By Francesca Merlo
It was 5 November 1943, World War II was raging and Vatican City was, and remained, a neutral state. This is partly why the attack came as such a surprise: five bombs (one of which did not detonate) were dropped into the Vatican gardens from an unidentified aircraft. Luckily no one was hurt, but many of the buildings suffered huge damage, and guards were left dazed and confused after the explosions knocked them to the ground.
One gendarme, Luigi Turchetto, wrote a note to the Vatican’s Noble Guards, in which he recounted what happened that night. He was on duty at the Vatican train station:
“I distinctly heard the continuous noise of an aircraft flying at low altitude. I could not see it, prevented by the darkness. From the noise of the engine it seemed to me that the aircraft was coming from the northeast. It flew over the Vatican Railway Station and then went a little further away and immediately turned back. I almost immediately heard a hiss and a prolonged burst that gave me the impression of the almost simultaneous explosion of several bombs. The first of them fell on the escarpment near the boundary wall of the Vatican City State on the side of St. Peter's Station; the second one fell on the terrace of the Mosaic Studio; a third one behind the Governorate Palace and a fourth one in the Vatican Gardens in a location that I could not identify at the moment.”
Pope Pius XII commented, in private, that “there was more respect in Cairo, as the religious center of Islam, than in Rome. And more concretely, we are struck by the need to recognise... that there no longer exists, I do not say Christian conscience, but even the minimum of human understanding and a sense of loyalty in acting that should be enough to leave the successor of St. Peter in the narrow strip of land that still remains.”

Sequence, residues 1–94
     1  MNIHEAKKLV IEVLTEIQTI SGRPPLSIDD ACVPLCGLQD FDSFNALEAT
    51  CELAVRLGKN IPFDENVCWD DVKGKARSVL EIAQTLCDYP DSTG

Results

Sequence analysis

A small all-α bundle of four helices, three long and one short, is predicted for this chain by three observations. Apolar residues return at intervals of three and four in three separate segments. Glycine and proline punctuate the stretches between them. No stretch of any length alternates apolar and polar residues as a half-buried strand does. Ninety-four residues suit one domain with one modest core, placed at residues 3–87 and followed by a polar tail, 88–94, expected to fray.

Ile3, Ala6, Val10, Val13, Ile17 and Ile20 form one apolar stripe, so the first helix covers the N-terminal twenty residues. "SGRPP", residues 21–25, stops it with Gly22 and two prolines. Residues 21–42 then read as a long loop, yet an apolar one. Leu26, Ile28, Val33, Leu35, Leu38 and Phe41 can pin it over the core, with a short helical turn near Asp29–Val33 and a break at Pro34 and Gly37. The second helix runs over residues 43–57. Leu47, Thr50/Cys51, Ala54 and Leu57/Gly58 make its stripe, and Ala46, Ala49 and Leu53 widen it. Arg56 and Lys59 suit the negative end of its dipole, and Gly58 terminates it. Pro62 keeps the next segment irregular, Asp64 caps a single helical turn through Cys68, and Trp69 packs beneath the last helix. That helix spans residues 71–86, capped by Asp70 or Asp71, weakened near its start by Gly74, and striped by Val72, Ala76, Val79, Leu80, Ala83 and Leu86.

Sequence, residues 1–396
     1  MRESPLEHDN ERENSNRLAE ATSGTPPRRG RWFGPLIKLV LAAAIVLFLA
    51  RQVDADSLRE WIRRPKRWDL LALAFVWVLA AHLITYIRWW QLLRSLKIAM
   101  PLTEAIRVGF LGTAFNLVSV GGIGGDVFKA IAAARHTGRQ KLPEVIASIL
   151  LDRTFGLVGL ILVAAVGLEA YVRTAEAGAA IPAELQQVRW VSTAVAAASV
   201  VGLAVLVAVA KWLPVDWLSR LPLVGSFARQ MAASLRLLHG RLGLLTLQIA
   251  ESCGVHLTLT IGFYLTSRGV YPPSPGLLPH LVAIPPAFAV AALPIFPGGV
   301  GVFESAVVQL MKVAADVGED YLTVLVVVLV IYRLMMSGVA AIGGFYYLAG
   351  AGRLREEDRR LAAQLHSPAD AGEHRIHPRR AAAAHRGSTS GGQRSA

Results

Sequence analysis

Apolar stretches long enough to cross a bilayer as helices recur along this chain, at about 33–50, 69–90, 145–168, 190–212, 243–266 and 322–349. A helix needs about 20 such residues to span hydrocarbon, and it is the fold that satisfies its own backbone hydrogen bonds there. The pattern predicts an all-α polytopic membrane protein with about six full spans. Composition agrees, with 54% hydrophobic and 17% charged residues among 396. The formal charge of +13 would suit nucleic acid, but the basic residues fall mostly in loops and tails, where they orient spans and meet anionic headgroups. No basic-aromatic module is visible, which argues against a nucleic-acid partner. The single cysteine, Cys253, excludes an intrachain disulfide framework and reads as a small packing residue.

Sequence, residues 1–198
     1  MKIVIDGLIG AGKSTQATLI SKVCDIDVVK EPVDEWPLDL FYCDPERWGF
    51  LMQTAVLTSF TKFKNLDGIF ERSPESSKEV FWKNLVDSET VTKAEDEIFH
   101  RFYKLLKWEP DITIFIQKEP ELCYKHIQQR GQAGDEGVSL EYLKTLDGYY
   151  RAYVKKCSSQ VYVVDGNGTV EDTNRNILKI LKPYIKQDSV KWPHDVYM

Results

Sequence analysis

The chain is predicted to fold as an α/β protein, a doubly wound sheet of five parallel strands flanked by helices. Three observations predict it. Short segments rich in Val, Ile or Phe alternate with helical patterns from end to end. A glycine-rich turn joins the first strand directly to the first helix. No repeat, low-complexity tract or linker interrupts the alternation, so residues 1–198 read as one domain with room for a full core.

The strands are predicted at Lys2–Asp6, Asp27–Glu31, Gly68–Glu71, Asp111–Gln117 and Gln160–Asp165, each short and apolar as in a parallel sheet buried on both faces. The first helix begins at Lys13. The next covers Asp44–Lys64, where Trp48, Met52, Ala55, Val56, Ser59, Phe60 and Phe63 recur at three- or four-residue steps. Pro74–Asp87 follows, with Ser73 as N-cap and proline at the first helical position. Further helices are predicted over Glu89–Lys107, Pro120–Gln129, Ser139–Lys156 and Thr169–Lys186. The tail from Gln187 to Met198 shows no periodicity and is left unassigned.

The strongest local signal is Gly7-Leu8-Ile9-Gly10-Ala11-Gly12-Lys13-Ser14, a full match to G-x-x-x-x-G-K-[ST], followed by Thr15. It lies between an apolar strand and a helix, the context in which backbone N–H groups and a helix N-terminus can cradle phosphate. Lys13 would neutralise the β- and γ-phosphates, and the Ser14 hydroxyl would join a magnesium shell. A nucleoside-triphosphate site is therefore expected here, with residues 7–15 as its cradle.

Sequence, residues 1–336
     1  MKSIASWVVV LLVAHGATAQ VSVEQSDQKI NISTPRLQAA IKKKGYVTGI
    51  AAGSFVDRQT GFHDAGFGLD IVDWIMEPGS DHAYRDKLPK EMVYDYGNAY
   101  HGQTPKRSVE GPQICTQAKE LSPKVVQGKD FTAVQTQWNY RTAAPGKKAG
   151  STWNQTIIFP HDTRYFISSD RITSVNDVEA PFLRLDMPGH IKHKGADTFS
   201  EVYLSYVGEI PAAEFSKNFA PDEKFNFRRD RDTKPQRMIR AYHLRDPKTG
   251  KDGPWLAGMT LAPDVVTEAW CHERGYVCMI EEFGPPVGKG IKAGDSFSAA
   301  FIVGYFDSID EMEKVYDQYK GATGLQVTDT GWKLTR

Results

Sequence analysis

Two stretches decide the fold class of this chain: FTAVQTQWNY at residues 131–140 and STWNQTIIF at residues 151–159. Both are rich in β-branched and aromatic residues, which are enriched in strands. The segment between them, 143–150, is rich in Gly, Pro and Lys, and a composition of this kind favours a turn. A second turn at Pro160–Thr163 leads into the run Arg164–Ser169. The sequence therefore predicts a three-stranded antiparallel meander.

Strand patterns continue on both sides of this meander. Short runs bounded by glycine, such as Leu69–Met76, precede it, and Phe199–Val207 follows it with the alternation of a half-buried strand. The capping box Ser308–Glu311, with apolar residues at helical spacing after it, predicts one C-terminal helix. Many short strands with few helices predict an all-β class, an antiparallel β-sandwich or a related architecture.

Who dropped the bombs?
Nobody took responsibility for the bombs. The Allies and Axis powers accused each other. One of the theories, following certain clues, was published in the 2010 Italian book “1943: Bombe in Vaticano” by Augusto Ferrari. It describes the possibility that the attack had been orchestrated by the Germans and coordinated by the Fascist Roberto Farinacci, whose aim was to bomb Vatican Radio, that was suspected of transmitting valuable military information to the Anglo-Americans. It is believed that the pilot was "a certain Parmeggiani", and that the plane had been flown from Viterbo, some 50km from Rome.
This claim was contested one year later, in 2011, by subsequent research (such as that of Gregory Alegi and that of Pietro Cappellari). Ferrari claimed that the plane used was a Savoia Marchetti S.M. 79; yet Alegi and Cappellari claim that the Italian Aeronautica only possessed one of these planes and that it could not, at that time, have been geographically located in Viterbo under German control. Ferrari also claimed that the only two pilots with the name Parmeggiani were elsewhere, and working with the Allies.
In America, a new theory was developed soon after. Again, soon after that.. clues led to ideas and ideas to theories: from the idea that the bombs had been manufactured in the UK to an intercepted phone call between two priests. But each theory, still remains just a theory...
Protection through neutrality
Upon learning of the possible motivation behind the attack, Pope Pius XII asked that the reasons for the attack not be spread by the media, in an attempt to maintain the neutrality of the State.
Throught the war the Pope and the Vatican helped many members of the Italian resistance. It was not easy to hide in Rome, and the Vatican offered protection and exile to those who needed it most. The intermediary position of the Church allowed it to move better to defend and help those in need.
It still remains unclear as to who dropped those first bombs on the Vatican.
Bombs were dropped again on Vatican City State on 1 March 1944, killing one person and injuring another.